According to Logically Fallacious, a “False Dilemma” occurs “when only two choices are presented yet more exist, or a spectrum of possible choices exists between two extremes.”
You will never see me defending establishment Republican candidates, however, when an argument is made that is obviously fallacious, I will tear it down regardless of whom it helps. Jeb Bush is as establishment as they come, but one should not be judged based on the actions of someone else, even if that person is one’s brother.
On Friday, a reporter allegedly asked Jeb Bush about the Iraq war, as well as Afghanistan and foreign policy in general, to which Bush replied:
I won’t talk about the past…I’ll talk about the future. If I’m in the process of considering the possibility of running, it’s not about re-litigating anything in the past. It’s about trying to create a set of ideas and principles that will help us move forward.
In the context of the given circumstances, it is quite clear that Bush is referring to re-litigating what his brother did as President. Bush is making it clear that he is not interested in discussing his brother’s record, as it does not pertain to his own. They are different people, with different ideas, and Jeb Bush’s prospective Presidency would obviously be very different, given the time in which it would occur. But The Chicago Tribune has a different interpretation of Bush’s remarks.
According to Albert Hunt:
If this stance were adopted by other candidates that would mean: Republicans would abandon efforts to blame former Secretary of State Hillary Clinton for the 2012 terrorist attacks in Benghazi, Libya…The tax cuts enacted by President Ronald Reagan would be off-limits. Indeed, the Reagan record — the holy grail for most Republican candidates these days – would be prologue.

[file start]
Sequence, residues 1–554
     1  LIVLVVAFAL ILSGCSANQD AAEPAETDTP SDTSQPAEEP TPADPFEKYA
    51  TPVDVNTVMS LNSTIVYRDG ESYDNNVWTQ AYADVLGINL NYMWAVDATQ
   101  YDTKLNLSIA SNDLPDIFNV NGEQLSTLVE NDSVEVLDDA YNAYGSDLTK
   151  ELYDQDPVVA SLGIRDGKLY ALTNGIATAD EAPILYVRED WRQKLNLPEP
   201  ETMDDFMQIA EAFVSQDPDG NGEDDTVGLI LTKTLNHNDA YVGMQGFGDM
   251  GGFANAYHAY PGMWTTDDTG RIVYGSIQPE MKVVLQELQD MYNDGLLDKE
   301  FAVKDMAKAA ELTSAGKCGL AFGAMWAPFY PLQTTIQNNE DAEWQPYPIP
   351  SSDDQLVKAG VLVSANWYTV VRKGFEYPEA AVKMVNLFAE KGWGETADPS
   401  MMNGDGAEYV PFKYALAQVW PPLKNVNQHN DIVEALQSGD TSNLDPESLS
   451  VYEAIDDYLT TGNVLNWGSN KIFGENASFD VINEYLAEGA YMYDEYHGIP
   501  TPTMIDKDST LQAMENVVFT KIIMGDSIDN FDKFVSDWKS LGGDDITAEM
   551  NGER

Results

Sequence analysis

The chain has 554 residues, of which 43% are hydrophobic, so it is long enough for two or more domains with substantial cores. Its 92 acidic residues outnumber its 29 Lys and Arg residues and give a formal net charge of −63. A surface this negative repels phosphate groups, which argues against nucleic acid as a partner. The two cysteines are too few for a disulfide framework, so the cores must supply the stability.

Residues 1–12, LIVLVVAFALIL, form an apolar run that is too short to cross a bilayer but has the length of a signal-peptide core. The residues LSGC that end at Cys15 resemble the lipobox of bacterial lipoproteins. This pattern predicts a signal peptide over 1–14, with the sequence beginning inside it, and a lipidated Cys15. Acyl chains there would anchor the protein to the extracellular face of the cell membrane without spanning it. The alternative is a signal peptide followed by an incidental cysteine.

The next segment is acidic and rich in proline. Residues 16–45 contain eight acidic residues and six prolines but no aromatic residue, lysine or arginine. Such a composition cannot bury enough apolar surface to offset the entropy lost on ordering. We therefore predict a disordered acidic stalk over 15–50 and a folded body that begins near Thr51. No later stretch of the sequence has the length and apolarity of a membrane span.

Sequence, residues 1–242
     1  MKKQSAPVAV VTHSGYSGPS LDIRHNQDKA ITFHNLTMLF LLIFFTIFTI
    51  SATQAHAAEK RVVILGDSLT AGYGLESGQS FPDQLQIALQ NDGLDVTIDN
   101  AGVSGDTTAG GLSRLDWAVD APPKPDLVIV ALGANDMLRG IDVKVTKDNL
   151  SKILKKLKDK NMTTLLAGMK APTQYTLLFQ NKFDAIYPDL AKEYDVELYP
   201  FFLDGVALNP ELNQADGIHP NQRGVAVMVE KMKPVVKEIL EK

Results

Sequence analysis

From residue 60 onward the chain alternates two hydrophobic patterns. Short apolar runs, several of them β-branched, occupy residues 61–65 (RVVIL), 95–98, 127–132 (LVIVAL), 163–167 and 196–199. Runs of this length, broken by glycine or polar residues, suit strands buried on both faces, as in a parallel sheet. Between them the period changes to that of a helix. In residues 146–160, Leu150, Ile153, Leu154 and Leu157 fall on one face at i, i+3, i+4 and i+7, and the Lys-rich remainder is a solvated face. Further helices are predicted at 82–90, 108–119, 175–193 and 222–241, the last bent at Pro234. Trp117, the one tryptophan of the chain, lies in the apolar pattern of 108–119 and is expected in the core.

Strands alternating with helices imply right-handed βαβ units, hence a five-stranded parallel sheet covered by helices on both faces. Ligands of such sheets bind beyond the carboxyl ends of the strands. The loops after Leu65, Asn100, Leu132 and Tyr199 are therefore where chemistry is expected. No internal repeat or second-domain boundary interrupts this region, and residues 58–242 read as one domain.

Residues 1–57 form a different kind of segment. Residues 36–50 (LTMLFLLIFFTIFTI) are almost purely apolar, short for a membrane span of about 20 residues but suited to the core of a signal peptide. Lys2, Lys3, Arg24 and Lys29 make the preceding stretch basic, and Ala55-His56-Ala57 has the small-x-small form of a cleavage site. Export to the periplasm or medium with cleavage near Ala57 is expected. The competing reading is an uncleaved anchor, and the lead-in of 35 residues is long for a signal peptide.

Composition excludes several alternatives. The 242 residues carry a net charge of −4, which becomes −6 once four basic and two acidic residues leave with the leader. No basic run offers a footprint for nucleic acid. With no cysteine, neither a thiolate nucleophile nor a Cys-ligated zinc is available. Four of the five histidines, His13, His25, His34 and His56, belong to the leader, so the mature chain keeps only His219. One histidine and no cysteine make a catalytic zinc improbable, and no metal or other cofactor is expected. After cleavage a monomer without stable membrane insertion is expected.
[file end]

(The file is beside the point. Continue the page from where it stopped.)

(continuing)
Hunt then goes on to suggest that “it’s not clear” if Bush’s past would be on the table:
It’s not clear from Bush’s assertions last week whether a candidate’s own past record would be open for discussion or debate.
Let’s rewind a bit. Is Albert Hunt actually suggesting that Jeb Bush wants to erase the past, and simply focus on the future? That, on its face, is a ludicrous suggestion from someone with an IQ above 40. Once again, it’s quite clear that the past to which Bush is referring is that of his brother’s. Furthermore, Hunt has created a false dilemma, which is predicated on the assumption that other candidates will follow what Hunt is assuming is Bush’s meaning. To be clear, that’s two massive assumptions.
This is the form Hunt’s false dilemma has taken:
- Jeb Bush is connected to the actions of his brother, and must therefore rebuke or justify them. Given this, the past actions of other candidates are also allowed on the table.
- Jeb Bush is notconnected to the actions of his brother, which means that any past actions taken by any other candidate—specifically Hillary Clinton—are off the table. Additionally, any, and all past policies are not to be discussed.
These are not the only two options, as have been presented by Hunt. The single factor invalidating this fallacious argument is the fact that Jeb Bush is not George W. Bush. Is that not obvious? Is Hunt that stupid? Or does he think his readers are foolish enough to fall for this nonsense? I’m guessing it’s a bit of both.
Hillary Clinton’s actions are on the table by virtue of the fact that they are her own–regardless of whether or not Jeb Bush wants to discuss the actions of his brother. A real analogy would be to say that if Jeb Bush doesn’t want to discuss the actions of W’s past, then we cannot talk about the actions committed solely by Bill Clinton—actions that did not at all involve Hillary. But that’s just obvious. So why are we discussing it? Because the left is doing everything they can—even to the establishment—to restrict, and cripple whoever winds up being the Republican nominee.
If we cannot force Jeb Bush to justify or rebuke the policy of another President simply because that President was related to him, we cannot then reference Ronald Reagan? Please. What a reach.
I would like to say that The Chicago Tribune is better than this, but that’s just not the case.